We’re excited to introduce you to Camilo Aguirre, the author of What Remains: Personal and Political Histories of Colombia, which will be coming in July. Enjoy a short Q&A with Camilo.
Tell us about you!
I am Camilo Aguirre. I am an artist from Colombia who studied his MFA in Minneapolis. I am very interested in social issues, image systems, documentary formats, and the implementation of anecdotes in storytelling. I love making comics and telling stories.
What can people look forward to discovering from this book?
In What Remains, people might find that history and personal experience are sometimes interweaved, and sometimes they challenge each other. They might find out that countries affect each other with relations of power and diplomacy.
Where can people find you?
How long have you worked on this project?
Three years but I could say more. I collected some stories that I found remarkable in 2012.
What’s next for you?
I hope I can keep drawing for a long time.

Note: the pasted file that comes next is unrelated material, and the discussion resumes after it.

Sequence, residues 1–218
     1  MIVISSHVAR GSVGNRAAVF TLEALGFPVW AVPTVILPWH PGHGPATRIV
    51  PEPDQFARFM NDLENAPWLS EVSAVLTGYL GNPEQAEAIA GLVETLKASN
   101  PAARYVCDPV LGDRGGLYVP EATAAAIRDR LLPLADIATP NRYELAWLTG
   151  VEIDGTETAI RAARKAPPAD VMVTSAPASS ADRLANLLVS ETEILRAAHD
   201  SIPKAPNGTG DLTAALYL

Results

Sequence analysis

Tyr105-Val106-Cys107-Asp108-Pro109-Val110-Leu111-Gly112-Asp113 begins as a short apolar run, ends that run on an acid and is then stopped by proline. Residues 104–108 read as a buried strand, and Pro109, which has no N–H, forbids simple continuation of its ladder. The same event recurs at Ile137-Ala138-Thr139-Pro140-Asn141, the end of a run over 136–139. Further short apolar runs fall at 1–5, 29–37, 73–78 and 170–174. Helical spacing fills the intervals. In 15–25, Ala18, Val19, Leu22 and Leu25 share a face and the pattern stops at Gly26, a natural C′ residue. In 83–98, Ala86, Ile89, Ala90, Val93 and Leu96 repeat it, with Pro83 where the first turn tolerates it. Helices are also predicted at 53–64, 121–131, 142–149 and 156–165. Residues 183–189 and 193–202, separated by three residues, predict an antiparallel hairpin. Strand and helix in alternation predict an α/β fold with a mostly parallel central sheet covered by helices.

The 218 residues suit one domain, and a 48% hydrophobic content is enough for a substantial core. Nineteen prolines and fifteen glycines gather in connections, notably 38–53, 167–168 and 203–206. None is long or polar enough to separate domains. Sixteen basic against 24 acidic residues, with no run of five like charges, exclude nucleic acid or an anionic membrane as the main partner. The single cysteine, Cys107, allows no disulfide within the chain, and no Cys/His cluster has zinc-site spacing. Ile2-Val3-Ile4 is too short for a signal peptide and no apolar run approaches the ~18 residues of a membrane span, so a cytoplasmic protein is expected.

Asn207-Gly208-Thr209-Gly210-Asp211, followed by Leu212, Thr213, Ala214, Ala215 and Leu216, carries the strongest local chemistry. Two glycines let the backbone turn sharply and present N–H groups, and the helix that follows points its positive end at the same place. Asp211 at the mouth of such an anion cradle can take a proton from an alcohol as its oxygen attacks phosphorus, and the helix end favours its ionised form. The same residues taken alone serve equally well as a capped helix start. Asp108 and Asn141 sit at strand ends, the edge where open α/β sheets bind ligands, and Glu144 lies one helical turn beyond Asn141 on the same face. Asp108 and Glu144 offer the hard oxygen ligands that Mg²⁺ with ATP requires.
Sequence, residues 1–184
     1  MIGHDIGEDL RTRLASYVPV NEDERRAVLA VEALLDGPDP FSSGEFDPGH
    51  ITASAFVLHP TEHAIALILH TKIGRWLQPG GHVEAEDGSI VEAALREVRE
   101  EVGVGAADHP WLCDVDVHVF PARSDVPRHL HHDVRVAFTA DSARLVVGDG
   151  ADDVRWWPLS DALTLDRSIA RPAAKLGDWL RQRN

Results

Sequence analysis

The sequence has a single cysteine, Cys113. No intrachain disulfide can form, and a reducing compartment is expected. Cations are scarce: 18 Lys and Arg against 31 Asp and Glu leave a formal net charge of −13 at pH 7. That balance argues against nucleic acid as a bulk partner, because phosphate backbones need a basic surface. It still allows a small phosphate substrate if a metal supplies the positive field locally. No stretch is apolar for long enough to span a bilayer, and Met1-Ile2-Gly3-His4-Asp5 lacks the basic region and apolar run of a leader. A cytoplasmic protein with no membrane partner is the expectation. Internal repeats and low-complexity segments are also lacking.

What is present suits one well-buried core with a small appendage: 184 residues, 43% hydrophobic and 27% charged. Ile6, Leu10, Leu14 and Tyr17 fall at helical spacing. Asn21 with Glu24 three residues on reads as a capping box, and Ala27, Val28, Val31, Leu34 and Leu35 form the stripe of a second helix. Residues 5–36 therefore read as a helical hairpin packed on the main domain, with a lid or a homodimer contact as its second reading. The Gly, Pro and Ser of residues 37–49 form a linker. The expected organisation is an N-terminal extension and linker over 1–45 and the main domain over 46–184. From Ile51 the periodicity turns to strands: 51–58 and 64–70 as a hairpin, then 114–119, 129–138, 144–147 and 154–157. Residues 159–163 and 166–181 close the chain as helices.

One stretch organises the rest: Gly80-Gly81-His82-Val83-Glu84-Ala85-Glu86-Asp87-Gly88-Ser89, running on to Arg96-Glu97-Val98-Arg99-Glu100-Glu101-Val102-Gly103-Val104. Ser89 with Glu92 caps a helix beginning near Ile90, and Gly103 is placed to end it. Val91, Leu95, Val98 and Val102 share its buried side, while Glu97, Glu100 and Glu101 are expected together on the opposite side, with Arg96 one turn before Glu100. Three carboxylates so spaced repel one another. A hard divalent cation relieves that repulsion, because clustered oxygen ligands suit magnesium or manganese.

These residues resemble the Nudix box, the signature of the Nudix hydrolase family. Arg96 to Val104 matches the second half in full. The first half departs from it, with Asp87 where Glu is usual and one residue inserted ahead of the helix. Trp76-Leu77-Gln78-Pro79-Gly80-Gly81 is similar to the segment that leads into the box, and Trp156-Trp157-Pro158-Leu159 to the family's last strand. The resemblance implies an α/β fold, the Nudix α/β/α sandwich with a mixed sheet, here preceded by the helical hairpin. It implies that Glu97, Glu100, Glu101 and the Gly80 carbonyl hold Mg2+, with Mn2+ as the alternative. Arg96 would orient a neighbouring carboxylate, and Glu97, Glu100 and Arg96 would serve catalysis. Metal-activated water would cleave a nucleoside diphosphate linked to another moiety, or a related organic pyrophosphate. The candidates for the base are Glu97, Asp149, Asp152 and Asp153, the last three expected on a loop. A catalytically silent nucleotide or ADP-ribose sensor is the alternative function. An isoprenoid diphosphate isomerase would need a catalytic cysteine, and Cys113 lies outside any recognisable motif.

What inspired you while writing this book?
Uhm. Well, it took three years, so different things. When I was starting, I treasured the stories I had collected, then I tried to explain Colombia to an international audience. The last part was the question of hope and change in my country and in the US.
What was the most challenging part of writing this book?
The most challenging part about writing this book was organizing the stories and thinking of a very diverse audience. I wanted something that could work in Spanish for Colombians and in English for non-Colombians.
If you could ask anyone (dead or alive) to read your book, who would it be and why?
I sincerely don’t know. I am glad Zak Sally, Tom Kaczynski, and some of my friends have read it.
How did you get into comics in the first place?
I studied in a conceptual [art] school in Cali, Colombia. When I was thinking of my artist statement, I was tired of installations and video art. I really liked anecdotes and people’s stories, so I went towards a narrative, illustrated, and sequential medium… and that turned out to be comics.